But while has been a starter since the first game of his rookie season, Martin developed a reputation in the NFL for lacking toughness. That impression might have been reinforced by the way he handled his issues with Incognito, current and former teammates acknowledge.
“A lot of people might look at Jonathan Martin and think that he’s soft because he stepped away from the game, and say, `Why don’t you just fight him?’” said Seattle Seahawks receiver Doug Baldwin, who played with Martin at Stanford. “Well, if you look at it with common sense and being logical, what options did Jonathan Martin have?
“He could fight Richie Incognito. He could go and tell on the players, which we know in the football locker room doesn’t go over too well. Or he could remove himself from the situation and let the proper channels take care of itself. And I think he made the intelligent, smart choice without putting himself or Richie Incognito’s physical abilities in danger.”
Houston Texans Antonio Smith, who has accused Incognito of dirty play since they went against each other in college, said Martin should have responded more forcefully. Smith drew a three-game suspension this year for taking Incognito’s helmet and hitting him during an exhibition game.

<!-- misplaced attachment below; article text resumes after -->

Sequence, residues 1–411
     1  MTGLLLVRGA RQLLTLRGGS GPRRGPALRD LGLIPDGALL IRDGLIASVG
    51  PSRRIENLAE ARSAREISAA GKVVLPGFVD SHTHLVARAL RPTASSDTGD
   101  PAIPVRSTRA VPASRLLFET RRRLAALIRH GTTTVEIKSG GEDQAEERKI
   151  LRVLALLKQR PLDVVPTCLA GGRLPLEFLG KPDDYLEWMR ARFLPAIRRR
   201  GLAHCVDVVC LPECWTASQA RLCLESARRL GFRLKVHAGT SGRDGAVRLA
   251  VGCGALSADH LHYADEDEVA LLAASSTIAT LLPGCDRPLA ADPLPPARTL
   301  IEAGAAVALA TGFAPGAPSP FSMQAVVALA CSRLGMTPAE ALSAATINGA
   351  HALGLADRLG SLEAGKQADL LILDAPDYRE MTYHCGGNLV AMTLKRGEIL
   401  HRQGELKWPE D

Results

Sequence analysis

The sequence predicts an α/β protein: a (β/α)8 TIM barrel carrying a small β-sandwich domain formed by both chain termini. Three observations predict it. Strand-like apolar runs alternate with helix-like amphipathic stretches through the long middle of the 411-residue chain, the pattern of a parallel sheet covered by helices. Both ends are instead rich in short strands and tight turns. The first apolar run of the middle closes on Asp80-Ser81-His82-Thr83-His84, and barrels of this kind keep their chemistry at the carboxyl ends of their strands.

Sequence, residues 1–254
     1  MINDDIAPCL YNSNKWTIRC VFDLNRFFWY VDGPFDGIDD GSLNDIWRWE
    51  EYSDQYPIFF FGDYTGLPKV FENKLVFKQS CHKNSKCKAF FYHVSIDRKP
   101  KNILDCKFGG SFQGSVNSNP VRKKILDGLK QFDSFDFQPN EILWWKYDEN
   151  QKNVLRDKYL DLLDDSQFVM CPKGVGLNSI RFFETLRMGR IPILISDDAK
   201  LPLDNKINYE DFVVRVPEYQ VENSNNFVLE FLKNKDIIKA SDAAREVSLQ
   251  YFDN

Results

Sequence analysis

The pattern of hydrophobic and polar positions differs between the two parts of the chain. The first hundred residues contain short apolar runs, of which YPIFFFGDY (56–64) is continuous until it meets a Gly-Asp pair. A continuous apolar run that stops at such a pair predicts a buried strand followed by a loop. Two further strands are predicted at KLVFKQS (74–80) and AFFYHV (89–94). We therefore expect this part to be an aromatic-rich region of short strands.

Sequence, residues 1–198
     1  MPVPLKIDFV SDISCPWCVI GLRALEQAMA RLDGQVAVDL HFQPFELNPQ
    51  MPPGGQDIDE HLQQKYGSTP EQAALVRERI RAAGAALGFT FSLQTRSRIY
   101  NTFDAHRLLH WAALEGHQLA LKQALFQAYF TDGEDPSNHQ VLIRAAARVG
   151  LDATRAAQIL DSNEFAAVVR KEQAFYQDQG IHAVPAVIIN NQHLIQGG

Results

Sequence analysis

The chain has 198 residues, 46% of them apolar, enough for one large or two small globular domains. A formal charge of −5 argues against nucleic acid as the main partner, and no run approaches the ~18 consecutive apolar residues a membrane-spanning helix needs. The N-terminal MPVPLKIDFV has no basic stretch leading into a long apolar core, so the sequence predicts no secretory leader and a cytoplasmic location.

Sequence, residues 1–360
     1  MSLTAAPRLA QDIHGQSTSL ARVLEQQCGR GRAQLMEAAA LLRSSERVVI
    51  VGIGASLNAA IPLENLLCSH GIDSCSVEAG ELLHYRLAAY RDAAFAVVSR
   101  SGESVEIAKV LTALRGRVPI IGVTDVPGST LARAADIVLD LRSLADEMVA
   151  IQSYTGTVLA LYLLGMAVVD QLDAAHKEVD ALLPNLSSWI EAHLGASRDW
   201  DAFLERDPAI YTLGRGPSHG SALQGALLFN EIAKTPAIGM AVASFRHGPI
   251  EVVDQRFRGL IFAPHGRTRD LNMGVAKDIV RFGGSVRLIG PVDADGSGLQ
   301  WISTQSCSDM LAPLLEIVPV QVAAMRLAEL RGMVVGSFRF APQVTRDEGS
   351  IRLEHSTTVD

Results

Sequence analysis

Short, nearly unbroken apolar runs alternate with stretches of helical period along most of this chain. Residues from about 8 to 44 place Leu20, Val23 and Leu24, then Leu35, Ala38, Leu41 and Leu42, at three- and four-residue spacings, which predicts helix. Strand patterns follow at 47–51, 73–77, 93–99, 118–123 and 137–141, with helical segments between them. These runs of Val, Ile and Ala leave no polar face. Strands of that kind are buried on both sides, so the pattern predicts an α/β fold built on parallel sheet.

“I don’t think that in my opinion a grown man should get bullied,” Smith said. “And I think that if you’re realistically getting bullied, there’s only one way my mom taught me and my dad taught me how to get rid of bullies. They used to always say, `You hit a bully in the mouth. It will stop him from bullying, no matter what you hit him with.’”
Incognito’s harassment of Martin included text messages that were racist and threatening, two people familiar with the situation have told The Associated Press. Incognito is white, while Martin is biracial.
Two other people familiar with the situation have said Martin talked of quitting football earlier in his pro career before leaving the Dolphins. One person said Martin considered giving up the sport because of the way he was being treated by other offensive linemen on the team. The person added that Martin now wants to continue his football career.
The Dolphins (4-4) play for the first time since the scandal broke Monday night at Tampa Bay (0-8). At least 75 reporters and cameramen tracking the case were in the locker room after Thursday’s practice, but receiver Brian Hartline said the scrutiny won’t prevent the team from playing well.
“It almost heightens your awareness,” he said. “You know it’s going to take away from your focus, so it does the exact opposite. You overcompensate to make sure you stay aware of the game.”
AP Sports Writers Tim Booth in Seattle, Tom Canavan in East Rutherford, N.J., and Kristie Rieken in Houston contributed to this report.
Follow Steven Wine on Twitter: http://twitter.com/Steve_Wine